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People with Alzheimer’s Disease (AD) typically perform more poorly than do elderly age-matched controls on tasks involving visual search in which one has to find a target among a sea of distractors. An experiment using visual search is testing one’s ability to attend to unique features when there are a lot of distractors present which might also be processed. As we age, distractors are harder to ignore and this is one way in which items may not be processed in memory very well. If one is overwhelmed with distractors drawing attention, then it will be hard to remember the important stimulus in a sea of unimportant ones (like, when one has to find one’s car parked in a lot, especially if we are distracted by other tasks during or soon after the parking process). AD patients are worse at this than controls, but there is a challenge in aging with lack of ability to inhibit less important details generally

We use a typical visual search task originally developed for humans more than 30 years ago and tested hundreds of times with people. In it, a target set of items is presented in one of 4 quadrants on an iPad. The task for the monkeys is to touch the quadrant that shows the target. Monkeys will guess if they cannot determine the target, so accuracy is one way we can tell if they can do it. Another is reaction time — in people and in monkeys, targets that share features with distractors are harder to find and thus take longer to respond to identify.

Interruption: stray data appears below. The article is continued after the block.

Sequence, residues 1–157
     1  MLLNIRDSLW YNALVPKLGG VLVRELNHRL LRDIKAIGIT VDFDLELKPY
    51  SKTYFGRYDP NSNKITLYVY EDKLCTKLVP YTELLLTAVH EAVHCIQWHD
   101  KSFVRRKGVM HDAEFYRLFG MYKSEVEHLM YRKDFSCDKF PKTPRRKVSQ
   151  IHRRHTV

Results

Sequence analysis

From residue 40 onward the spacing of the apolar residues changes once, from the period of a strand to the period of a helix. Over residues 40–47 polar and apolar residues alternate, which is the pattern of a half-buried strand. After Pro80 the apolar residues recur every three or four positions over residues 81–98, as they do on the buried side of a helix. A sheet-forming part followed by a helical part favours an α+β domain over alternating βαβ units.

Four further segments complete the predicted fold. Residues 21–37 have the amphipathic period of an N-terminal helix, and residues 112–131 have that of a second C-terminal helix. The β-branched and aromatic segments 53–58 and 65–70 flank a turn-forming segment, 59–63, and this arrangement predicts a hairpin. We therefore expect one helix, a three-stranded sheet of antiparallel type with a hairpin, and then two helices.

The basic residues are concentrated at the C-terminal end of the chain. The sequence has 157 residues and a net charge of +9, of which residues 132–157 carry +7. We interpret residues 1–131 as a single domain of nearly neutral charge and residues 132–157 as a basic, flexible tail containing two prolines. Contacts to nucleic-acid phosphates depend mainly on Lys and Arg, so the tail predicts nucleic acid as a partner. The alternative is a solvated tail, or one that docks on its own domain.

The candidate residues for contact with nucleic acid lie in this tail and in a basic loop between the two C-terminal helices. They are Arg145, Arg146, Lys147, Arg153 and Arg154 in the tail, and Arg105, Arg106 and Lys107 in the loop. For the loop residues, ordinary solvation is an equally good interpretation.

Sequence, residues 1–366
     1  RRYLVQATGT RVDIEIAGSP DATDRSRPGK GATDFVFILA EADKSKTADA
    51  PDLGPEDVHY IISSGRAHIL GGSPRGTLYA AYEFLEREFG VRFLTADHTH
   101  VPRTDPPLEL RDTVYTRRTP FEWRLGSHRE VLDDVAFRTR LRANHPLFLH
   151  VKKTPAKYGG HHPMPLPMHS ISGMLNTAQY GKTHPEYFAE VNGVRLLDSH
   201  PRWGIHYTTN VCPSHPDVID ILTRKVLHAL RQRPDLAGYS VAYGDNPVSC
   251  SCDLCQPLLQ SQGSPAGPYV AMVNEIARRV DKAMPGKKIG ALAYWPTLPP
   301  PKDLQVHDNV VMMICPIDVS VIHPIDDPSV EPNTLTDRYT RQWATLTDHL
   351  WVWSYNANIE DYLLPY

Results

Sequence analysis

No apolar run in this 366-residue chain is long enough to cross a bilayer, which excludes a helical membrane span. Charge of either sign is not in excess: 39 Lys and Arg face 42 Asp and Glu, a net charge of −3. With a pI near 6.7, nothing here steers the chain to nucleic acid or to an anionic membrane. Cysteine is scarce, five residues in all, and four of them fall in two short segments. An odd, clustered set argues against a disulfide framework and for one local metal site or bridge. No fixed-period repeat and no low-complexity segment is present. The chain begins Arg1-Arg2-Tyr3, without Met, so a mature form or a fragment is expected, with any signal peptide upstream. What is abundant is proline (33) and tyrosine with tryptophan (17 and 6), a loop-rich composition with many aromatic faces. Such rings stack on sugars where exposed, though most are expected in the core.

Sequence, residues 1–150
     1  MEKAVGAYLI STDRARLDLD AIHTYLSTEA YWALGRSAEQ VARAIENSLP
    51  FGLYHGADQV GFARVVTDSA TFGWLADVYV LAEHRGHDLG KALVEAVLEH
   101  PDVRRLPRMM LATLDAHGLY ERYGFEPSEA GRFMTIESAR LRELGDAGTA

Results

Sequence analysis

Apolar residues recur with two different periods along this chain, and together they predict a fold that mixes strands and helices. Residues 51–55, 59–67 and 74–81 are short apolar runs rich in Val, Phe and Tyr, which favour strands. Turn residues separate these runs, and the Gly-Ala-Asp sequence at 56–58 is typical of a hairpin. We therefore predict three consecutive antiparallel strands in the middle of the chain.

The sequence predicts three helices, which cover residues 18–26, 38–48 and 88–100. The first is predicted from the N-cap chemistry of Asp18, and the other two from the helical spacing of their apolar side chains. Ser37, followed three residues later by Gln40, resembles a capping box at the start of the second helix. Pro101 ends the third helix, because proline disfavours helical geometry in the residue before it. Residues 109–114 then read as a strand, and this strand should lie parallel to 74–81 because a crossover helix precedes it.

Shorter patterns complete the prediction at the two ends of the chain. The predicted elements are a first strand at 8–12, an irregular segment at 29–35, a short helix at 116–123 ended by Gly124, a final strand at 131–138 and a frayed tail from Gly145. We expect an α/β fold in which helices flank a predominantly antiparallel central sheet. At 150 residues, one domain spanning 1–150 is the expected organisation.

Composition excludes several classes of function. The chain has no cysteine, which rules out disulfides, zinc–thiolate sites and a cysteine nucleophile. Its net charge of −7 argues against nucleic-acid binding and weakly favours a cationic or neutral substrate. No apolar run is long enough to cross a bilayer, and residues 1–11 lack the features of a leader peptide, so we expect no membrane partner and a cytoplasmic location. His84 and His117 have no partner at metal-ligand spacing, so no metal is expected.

Here is Haagen Dasz, age 20, selecting a quadrant with a target that is very easy to spot. This is called a disjunctive target because it has a unique feature which is not shared with any of the distractors in the other quadrants, so it should “pop out” visually.

In this trial, Haagen Dasz is confronted with a conjunctive feature task, and this is one that AD patients have difficulty with. Here the distractors share the colors (green and orange) and the shapes (stars and circles) with the target quadrant. The target just contains a different combination of the features which is unique. Play it several times if you can’t see the difference — it takes anyone longer to see the target in a conjunctive feature task.

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